Smart Building

What Many of Today’s Technology Innovations Have in Common

Daniel Charles

Like a lot of the industry, Belden spent time at InfoComm and Cisco Live a few weeks ago, sharing upcoming innovations with technology professionals and exploring new industry advancements.

Over the past few years, events like these have revealed trends that are dominating the worlds of AV professionals, integrators and IT professionals:

  • Artificial intelligence, machine learning and automation
  • Big data and analytics
  • Cloud solutions
  • Virtual/augmented reality
  • WiFi 6 and 5G

At InfoComm and Cisco Live, much of the new technology on display took advantage of these trends in ways that will improve business and productivity. Even though we saw a lot of different types of solutions, they all seemed to have one thing in common (you’ll have to read to the end to find out what it is!).


Here’s a glimpse of what we saw …


Real-Life Virtual Help from Anywhere

New technology provides face-to-face conversations from remote locations (think information stations in airports, malls, university buildings, convention centers or hotels). To use it, you scan a QR code and automatically connect to remote support – either via a kiosk or through your mobile device. You can ask for directions, request help with room setup or equipment operation, or ask a question.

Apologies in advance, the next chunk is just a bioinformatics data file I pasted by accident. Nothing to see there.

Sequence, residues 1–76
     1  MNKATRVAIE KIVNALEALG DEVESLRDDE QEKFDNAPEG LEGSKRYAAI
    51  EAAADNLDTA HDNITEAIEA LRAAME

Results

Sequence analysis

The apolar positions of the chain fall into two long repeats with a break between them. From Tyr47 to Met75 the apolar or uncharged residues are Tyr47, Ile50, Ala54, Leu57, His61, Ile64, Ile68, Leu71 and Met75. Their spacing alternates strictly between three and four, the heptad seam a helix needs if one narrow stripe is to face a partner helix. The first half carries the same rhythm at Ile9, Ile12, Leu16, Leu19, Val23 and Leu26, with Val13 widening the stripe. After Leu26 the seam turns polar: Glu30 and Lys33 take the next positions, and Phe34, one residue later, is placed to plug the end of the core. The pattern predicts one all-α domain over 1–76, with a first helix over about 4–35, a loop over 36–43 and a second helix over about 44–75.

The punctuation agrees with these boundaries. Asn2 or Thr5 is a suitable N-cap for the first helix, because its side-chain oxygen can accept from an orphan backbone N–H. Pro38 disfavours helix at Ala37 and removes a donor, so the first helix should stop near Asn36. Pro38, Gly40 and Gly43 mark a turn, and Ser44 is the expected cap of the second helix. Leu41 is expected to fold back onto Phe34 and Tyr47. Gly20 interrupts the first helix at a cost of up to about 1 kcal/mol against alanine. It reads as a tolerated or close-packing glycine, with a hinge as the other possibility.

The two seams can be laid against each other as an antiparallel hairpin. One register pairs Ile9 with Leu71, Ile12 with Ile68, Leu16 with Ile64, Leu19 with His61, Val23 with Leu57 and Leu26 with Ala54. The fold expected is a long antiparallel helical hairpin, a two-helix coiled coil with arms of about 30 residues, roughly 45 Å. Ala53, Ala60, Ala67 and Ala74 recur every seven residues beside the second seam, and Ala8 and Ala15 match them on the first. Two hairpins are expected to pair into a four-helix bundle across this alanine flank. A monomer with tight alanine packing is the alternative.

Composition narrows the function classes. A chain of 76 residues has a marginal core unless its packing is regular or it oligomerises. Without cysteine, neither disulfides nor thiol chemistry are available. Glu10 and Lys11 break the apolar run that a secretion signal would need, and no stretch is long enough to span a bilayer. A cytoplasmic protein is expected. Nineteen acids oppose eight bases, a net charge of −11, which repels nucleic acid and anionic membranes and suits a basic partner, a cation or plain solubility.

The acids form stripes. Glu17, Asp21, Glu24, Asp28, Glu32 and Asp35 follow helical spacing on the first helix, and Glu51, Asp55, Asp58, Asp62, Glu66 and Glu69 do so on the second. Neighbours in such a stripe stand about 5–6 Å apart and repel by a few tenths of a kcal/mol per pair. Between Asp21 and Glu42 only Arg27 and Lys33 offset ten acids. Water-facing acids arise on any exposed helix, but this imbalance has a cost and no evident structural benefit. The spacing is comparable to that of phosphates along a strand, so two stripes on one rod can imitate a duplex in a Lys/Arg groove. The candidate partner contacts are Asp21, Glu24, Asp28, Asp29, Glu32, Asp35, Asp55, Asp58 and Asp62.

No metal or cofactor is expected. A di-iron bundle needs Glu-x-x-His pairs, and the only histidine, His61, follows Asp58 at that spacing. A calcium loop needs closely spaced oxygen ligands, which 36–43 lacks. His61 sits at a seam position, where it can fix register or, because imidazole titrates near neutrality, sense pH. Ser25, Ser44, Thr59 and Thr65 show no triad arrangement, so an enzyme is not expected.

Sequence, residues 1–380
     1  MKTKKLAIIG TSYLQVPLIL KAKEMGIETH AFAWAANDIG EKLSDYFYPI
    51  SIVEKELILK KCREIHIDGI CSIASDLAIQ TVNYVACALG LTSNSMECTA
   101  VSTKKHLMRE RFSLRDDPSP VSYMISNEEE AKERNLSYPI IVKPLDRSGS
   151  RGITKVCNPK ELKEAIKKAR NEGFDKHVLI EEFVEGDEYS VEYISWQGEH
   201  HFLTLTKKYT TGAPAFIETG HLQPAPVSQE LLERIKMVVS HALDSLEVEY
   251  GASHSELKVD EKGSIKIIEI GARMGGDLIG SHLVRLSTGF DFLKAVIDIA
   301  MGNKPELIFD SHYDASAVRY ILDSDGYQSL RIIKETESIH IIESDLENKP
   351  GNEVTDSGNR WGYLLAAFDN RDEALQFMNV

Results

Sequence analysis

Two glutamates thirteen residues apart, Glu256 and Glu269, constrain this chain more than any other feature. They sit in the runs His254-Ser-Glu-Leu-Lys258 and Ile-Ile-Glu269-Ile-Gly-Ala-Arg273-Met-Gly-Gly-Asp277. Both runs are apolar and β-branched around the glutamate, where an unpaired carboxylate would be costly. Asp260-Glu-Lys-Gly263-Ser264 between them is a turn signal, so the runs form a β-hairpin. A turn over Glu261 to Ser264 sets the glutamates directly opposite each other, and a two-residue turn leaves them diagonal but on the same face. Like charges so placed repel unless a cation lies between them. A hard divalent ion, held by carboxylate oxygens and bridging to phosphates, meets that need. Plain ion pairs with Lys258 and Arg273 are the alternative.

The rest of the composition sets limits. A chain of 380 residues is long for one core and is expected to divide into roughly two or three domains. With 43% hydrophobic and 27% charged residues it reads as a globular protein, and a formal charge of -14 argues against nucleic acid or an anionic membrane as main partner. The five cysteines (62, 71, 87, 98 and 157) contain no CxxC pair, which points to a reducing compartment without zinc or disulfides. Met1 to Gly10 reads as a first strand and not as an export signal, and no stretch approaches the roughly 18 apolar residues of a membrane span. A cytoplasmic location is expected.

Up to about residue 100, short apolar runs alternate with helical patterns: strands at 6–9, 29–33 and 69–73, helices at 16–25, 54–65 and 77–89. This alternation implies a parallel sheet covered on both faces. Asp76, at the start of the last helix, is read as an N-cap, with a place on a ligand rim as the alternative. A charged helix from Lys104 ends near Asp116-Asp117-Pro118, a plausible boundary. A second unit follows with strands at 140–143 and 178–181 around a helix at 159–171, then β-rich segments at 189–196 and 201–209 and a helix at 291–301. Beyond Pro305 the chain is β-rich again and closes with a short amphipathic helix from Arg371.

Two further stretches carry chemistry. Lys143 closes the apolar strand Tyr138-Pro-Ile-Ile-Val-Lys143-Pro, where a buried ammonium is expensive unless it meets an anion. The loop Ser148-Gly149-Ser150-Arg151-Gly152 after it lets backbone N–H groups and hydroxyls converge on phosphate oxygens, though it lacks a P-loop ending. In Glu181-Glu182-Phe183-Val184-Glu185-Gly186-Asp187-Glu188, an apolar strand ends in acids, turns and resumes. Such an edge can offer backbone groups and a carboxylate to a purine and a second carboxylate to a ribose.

Collaboration on the Go

Taking advantage of the BYOD movement, we saw technology that allows any room or space to be used as a virtual collaboration area – whether you’re in the office, a hotel room or a lobby. It lets your laptop, smartphone or tablet send or receive presentations so you can huddle even when there’s no wall-mounted display nearby. The system’s network interface connects to an enterprise network while users connect to WiFi.


Adaptive Audio & Video

There were examples of mix-and-match, networkable videoconferencing and collaboration technology solutions that connect with a single Ethernet connection, from microphones and speakers to control solutions compatible with major videoconferencing platforms. Each unit within the system is powered by the network and can analyze room acoustics to automatically tweak settings.


Network-Controlled LED Lighting

Power over Ethernet (PoE) LED lighting offers better control, efficiency and cost savings. With PoE, fixtures don’t require a power connection. Instead, a single category cable supplies power and data. Each fixture utilizes a standard RJ45 connector and has its own IP address. Because the fixture is connected to the network, the data collected via integrated sensors about occupancy, temperature and daylight helps automate lighting levels.


Easy Content Sharing

Projectors that connect wirelessly and allow presenters to control them – and what’s being displayed – through their laptop, tablet or smartphone up with WiFi are changing the way these devices are used. The projectors also support one-click connection and allow an easy change in presenters if more than one person wants to share information.